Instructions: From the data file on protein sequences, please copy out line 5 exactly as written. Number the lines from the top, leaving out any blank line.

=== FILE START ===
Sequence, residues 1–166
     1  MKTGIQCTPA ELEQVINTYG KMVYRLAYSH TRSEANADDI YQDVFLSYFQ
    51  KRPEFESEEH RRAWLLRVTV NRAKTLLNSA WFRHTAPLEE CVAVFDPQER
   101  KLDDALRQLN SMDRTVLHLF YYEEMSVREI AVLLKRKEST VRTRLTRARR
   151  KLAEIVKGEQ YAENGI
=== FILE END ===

   151  KLAEIVKGEQ YAENGI